Some more tubes for St. Patrick’s Day:
Graphics, Tutorials, and Stories
Where do you come from? Is it a secret?
It's not so much a secret, as that it doesn't exist anymore. Not in this world. Not in your time. Or your parents'. Or theirs.Today I call Baton Rouge, Louisiana, my home. But that is not where I have always lived, or where I was born. I come from a place and time born so long ago that no one remembers where it is today. Memories of my home fade into the past like the dust that floats down that ray of sunshine onto that end table. No one has spoken of my birthplace for so long that if spoken today, the name would be unrecognizable, thought of as fantasy. After Chaos, and after the Migration, we moved here, gradually rebuilding our lives. But much of our history was lost during the Migration, and more was forgotten during the Reconstruction– forgotten or locked away. There are many scrolls and books here in the library, each telling a part of the history of my Clan. But they are in no particular order. I have scribed them as my memories flash before my eyes. Somewhere there must be the beginning. But where? Perhaps in that book over there . . .
Here is a cornucopia prop for DAZ or Poser.Â It is improved from the one I posted last year.
I started making ice cream for Thursday, which was National Chocolate Ice Cream Day.Â Then I decided the ice cream tubes would make a good scrapkit.Â So it wasn’t finished for Thursday, but still as yummy!
Here are some NON-animated tubes of this steaming coffee mug, in different colors
My forum will be hosting a Mardi Gras Party February 17 – 21.Â Members of the forum will be “throwing out” tubes, brushes, layer styles, props, mats, and other graphic files to be used with Paintshop Pro, Photoshop, Poser, and DAZ Studio.Â All of the files will be based on the Mardi Gras theme.Â You are invited to drop by the Dragon’s Breath forum to join in the fun and catch some of the throws.Â You do not need to register to become a member.Â And remember to shout:Â “Throw me something, Mister!”
To read about Mardi Gras:
Most everyone has seen what Mardi Gras is like in New Orleans, but the smaller older towns in Louisiana celebrate Mardi Gras in a more traditional manner — the Courir de Mardi Gras.Â Here are some videos to help familiarize you with that.Â I used to live in Church Point, so I was happy when I found a few from my old home town:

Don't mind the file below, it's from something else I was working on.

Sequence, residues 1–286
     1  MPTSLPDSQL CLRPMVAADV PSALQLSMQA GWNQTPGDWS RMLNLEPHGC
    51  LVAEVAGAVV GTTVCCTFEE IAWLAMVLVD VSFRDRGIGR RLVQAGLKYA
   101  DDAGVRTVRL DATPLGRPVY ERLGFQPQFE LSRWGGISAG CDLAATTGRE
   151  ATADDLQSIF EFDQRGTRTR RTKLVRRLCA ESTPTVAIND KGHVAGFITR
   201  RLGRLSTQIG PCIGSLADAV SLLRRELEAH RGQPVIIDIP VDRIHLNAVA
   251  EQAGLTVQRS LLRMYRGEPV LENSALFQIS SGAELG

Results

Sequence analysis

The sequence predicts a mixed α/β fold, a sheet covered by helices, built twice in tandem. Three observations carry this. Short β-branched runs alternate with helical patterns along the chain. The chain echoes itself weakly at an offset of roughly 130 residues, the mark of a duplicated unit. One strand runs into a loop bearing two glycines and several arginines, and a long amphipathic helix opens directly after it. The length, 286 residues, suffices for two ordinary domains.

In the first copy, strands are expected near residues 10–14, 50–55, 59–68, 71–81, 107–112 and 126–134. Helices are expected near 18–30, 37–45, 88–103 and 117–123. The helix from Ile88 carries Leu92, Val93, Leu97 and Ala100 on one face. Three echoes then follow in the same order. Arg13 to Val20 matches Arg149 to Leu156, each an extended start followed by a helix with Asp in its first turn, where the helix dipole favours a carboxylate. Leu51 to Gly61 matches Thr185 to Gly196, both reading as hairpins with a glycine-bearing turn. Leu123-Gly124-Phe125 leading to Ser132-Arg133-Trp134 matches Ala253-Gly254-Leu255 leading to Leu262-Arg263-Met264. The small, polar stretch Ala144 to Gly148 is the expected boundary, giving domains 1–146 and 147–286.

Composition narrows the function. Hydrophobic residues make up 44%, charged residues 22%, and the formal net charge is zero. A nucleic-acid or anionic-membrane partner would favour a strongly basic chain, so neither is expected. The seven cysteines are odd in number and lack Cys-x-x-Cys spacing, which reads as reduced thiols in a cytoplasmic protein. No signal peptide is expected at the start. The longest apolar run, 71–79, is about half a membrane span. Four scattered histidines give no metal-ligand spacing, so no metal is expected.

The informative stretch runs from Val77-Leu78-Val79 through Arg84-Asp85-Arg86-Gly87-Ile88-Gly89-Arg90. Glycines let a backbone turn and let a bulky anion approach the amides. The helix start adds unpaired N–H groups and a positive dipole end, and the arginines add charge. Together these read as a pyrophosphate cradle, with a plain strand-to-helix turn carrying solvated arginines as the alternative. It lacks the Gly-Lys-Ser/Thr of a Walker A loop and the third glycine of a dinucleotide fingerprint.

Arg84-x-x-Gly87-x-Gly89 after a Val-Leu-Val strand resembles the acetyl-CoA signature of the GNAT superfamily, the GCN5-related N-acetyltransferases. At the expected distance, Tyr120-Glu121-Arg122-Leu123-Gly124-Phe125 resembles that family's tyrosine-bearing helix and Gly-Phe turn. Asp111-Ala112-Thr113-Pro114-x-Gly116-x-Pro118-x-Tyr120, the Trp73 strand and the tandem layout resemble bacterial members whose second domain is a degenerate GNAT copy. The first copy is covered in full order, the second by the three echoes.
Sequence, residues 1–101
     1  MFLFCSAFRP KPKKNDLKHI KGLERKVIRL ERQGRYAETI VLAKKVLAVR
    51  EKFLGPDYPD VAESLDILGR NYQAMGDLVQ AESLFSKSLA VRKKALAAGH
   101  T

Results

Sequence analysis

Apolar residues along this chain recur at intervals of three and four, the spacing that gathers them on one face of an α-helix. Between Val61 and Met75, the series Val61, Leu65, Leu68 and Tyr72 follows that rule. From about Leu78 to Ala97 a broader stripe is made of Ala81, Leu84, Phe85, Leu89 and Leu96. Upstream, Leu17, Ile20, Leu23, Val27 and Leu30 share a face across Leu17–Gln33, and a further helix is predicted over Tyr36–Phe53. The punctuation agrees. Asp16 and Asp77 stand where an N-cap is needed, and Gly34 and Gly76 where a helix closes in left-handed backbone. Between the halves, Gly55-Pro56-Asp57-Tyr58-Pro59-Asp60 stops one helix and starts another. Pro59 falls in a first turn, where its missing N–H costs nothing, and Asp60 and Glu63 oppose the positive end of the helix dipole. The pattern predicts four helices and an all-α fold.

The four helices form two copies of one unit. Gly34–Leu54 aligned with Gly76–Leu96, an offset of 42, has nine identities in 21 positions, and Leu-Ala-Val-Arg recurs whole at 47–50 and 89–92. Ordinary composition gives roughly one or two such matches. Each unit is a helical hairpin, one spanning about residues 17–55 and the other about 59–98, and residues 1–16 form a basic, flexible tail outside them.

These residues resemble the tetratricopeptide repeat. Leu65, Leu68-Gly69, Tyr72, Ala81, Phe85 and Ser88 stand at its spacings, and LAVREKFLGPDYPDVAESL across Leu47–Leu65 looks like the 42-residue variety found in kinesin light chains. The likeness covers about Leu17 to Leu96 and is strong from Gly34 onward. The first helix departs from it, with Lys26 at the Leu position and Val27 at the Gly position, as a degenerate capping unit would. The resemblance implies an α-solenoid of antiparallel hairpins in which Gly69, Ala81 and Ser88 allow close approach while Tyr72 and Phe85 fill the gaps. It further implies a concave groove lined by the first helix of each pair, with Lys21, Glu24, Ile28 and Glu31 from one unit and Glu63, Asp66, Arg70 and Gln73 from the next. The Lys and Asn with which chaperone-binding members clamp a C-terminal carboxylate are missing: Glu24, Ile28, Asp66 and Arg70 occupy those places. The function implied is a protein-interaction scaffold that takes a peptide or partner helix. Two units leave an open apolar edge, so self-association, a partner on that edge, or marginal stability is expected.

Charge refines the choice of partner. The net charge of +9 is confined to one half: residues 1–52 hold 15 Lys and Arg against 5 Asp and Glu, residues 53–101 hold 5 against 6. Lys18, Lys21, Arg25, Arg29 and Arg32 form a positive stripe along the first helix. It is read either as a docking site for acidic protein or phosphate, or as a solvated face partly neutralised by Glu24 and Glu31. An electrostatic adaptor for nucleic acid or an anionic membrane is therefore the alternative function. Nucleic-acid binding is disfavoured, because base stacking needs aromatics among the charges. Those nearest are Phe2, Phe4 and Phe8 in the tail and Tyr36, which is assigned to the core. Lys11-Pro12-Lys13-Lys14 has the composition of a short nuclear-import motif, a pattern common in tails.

And here’s some Mardi Gras music to listen to:
And during Mardi Gras, we eat alot of King Cake.Â Here’s a site that explains the history of King Cakes:
I’ve included a simple recipe for king cakes in our Dragon’s Kitchen, if you want to make some:
Simple But Delicious King Cake
Prep Time: 1 Hour
Yields: 10â€“12 Servings
Traditional king cakes are made with yeast and take hours to make and bake. This simple and quick recipe delivers great flavor and looks as if it took all day to make.
Ingredients for Filling:
4 ounces cream cheese
Â½ cup light brown sugar
Â½ tsp ground cinnamon
Â¼ cup raisins, soaked in hot water 15 minutes, drained
Â½ cup pecan halves, (Â¼-inch) chopped
Ingredients for Cake:
2 (8-count) cans refrigerated crescent rolls
Ingredients for Icing:
1Â½ cups powdered sugar
2â€“3 tbsps milk
1 tsp vanilla
purple, green and gold sugar crystals
purple, green and gold food coloring
Preheat oven to 350Â°F. Lightly coat a 15-inch pizza pan with cooking spray and set aside. In the bowl of a food processor with metal blade, place cream cheese, light brown sugar, cinnamon and raisins. Pulse 1â€“2 minutes, blending ingredients well. Add pecans and pulse 30 seconds. Set the filling aside. Unroll crescent rolls into triangles. Position triangles on prepared pizza pan, next to each other with the points towards the middle. The long sides must overlap about Â¼-inch forming a large round circle. Where the pieces overlap, press the seams together only in the center of each seam, leaving both points and outer ends of the seams unsealed so that you can fold them over the filling. Spread the filling in the center of the sealed seam of each triangle to create a ring of filling. Fold the outer side of each triangle over the filling towards the center to cover. Pull the point end of the triangle toward the outer rim of the pan to fully enclose the filling, tucking the points under to create a ring. Lightly press the seams. Bake 20â€“25 minutes or until golden brown then remove to cool completely. While cake is cooling, continue with icing. In a large mixing bowl, whisk together powdered sugar, milk and vanilla until smooth. The mixture should be fairly thick but still able to run down cake when drizzled or poured. Spoon plain icing over cooled cake and top with colored sugar, or you may wish to place icing in three cups adding purple, green and gold food coloring then apply to cake. Colored sugar may be sprinkled over colored icing when fairly dried.